Respiratory Management of Patients with COVID-19 Pneumonia

Medical | Constantine Manthous, MD| May 20, 2020

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Critical care physician Dr. Constantine Manthous shares his experience with respiratory management of critically ill patients with COVID-19 pneumonia.

I have spent more than 20 years in academic critical care and have begun to attend every three to four weeks in our ICU where COVID-19 cases are ever increasing. As of today, we have no prospective randomized studies to demonstrate critical care techniques that improve outcomes in patients with COVID-19. Here is a bit of what I’ve seen in the area of respiratory management.

Pre-ventilator management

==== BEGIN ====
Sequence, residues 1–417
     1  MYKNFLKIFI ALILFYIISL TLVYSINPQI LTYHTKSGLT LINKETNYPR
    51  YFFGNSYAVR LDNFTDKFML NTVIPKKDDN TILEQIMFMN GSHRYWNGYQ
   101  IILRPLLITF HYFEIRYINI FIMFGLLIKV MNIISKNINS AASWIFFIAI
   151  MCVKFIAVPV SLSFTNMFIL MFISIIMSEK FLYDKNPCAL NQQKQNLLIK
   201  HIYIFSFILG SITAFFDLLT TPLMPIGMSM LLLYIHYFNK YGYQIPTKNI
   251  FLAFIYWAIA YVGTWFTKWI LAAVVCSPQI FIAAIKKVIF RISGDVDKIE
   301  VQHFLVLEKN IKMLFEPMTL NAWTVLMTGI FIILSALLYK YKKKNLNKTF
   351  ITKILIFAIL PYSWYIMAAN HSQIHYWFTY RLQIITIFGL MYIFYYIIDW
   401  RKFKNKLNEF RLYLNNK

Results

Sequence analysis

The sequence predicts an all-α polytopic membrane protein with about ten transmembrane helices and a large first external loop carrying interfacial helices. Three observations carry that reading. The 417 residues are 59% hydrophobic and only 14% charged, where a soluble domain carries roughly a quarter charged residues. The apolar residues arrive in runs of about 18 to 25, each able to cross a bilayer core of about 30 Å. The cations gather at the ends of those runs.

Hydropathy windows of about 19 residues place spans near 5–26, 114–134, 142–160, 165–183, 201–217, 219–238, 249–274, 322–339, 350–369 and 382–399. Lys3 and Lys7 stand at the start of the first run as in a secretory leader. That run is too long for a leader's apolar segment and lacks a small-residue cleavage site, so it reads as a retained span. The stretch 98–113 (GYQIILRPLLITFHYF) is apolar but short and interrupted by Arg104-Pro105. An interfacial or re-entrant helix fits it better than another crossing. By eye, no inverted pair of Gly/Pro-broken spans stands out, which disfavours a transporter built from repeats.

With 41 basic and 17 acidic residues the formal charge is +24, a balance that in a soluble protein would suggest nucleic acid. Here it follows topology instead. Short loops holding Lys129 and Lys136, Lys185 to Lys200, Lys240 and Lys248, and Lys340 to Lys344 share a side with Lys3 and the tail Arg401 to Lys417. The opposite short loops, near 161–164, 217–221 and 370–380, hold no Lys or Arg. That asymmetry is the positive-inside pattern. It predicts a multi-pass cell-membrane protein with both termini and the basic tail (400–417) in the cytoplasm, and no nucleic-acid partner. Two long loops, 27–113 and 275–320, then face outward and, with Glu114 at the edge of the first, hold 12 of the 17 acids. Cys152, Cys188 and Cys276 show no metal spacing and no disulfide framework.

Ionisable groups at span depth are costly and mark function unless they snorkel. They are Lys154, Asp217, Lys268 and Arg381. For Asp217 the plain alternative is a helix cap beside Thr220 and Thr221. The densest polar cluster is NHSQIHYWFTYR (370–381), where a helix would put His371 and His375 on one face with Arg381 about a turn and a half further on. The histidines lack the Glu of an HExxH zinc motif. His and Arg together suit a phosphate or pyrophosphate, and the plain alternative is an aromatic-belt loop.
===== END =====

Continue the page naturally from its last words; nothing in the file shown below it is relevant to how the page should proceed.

Permissive hypoxia: A common observation is that patients with COVID-19 can exhibit profound hypoxemia, that historically would have led to escalation of therapies and intubation, without presenting with the typical distress. If a patient is not working excessively hard to breathe, but exhibits very low oxygen levels, trials of high-flow oxygen by nasal cannula or non-invasive ventilation, and proning (when feasible) should be considered first. Intubation may be reserved for patients with signs of tissue hypoxia (lactic acidosis) or hyperventilation likely to eventuate in fatigue or cardiopulmonary collapse.